Mica needs to be monitored closely and receives insulin shots twice a day, which is going to be an interesting education for the girls.
But, Fino also shared with me yesterday that Mica is apparently always on the prowl for food (his special diet kind as well as anything else) and has a little bladder problem. Fino, being the wonderful husband who knows I'm almost at my limit with cats in the house, decided Mica needed to be contained during his visit with us.
So he and the girls have devised a plan for Mica's Christmas holiday with us....
Dulce was checking things out once Mica arrived.
.. his own personal tent in the girls' playroom.
Of course our other cats are curious about this new visitor but Fino has decided against any face-to-face introductions, the better to keep the holiday injury-free for all our feline friends.
So after Mica arrived last night and ate his special diet dinner and had his insulin shot, G. snuggled down in the tent with him for the night.
Before bed last night though, the girls shot off a quick email to Rudolph at the North Pole to make sure it was clear that Mica was in need of a gift at our house Christmas morning.
We'll see what Santa and Rudolph can work out for tomorrow...
I had a case of mild frostbite last year after sledding in sub-zero temperatures with only a thin pair of gloves. I had a couple of blisters and darkened spots on my hands once I started thawing out, which was a painful experience that lasted days. I have found since that incident, my fingers are cold more often than they ever used to be.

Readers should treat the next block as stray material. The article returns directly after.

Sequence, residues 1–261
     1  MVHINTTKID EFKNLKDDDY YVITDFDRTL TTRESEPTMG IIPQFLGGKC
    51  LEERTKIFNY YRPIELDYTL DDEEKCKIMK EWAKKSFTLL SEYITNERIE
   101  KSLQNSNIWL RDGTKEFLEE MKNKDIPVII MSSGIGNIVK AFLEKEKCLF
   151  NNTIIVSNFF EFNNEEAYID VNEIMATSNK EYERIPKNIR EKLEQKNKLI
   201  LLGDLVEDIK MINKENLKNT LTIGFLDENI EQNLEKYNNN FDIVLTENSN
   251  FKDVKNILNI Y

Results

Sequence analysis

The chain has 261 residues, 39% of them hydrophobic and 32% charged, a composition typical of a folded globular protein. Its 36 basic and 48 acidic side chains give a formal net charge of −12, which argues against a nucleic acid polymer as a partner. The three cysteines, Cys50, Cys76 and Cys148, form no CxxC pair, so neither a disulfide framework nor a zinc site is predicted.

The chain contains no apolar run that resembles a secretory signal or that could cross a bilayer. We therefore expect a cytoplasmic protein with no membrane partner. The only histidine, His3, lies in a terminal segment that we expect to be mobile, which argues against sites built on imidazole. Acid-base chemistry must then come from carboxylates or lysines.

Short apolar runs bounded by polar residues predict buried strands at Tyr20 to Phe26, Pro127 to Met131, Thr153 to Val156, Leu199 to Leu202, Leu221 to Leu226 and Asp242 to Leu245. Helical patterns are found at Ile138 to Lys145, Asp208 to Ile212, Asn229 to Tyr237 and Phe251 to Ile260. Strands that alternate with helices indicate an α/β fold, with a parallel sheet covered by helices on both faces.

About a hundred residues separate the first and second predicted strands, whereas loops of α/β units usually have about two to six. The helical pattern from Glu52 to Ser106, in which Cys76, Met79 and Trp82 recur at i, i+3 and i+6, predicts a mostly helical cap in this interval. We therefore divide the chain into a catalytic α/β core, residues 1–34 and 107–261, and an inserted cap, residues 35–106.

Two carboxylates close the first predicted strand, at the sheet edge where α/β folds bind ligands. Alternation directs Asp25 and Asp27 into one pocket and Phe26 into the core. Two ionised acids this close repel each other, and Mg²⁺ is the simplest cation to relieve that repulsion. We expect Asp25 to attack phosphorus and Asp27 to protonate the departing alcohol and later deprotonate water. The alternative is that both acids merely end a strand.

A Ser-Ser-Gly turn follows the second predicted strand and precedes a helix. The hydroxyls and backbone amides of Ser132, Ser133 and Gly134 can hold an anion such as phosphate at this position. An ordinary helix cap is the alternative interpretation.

Last week L.'s feet got wet inside her boots and she decided to continue playing outside instead of changing her socks (and boots - she has a couple of pair for just this reason). She never complained about her feet being cold so I had no idea. The next day her swollen toes were red and hot to the touch with a couple of small bruise-like patches on them. She complained about how much her feet hurt for a couple of days afterwards and said she learned her lesson about changing her socks and boots when they get wet inside now.
Yesterday I was chatting with my friend Carl, an avid hiker who takes lots of cold weather hiking trips, about my family's frostbite experiences and he shared his thoughts about Merino wool. I decided it was a necessary investment and he offered a couple of suggestions on discount locations to buy it.
I'm sure those knowledgeable outdoor enthusiasts are asking why we do not have these kind of wool socks and gloves.
The cost. They're about $15-20 for a pair of socks.
Not to mention my kids have never been able to keep a matching pair of socks together. They throw them around and make a fashion statement out of mismatched pairs and I've accepted the fact that losing socks in our house is inevitable.
So spending a lot of money on a single pair of socks has not been something I've been eager to do.
But yesterday I found out the LL Bean outlet in Portland has a GREAT sale going on for Smartwool socks. They range from $7.95-12.95 on sale right now.
I bought a pair for each member of my family (shhhh, they're Christmas presents so don't tell them!) and have hopes that each of us can keep track of a single pair of socks this winter.
Everything gets canceled and it turns in to a quiet day at home doing things you usually don't have time for.
L. took advantage of her time today by starting a new sewing project - a Raggedy Ann doll. She received the pattern and all the material supplies from grandma yesterday for Christmas and she couldn't wait to get started.
She had a productive morning cutting out all her fabric pieces and embroidering the doll's face and heart.
We also played outside for a while. The girls opted to sled while I decided to ski a loop around my neighborhood to check out the road conditions.
No plows had been by all day so the road was a nice surface to ski on this afternoon.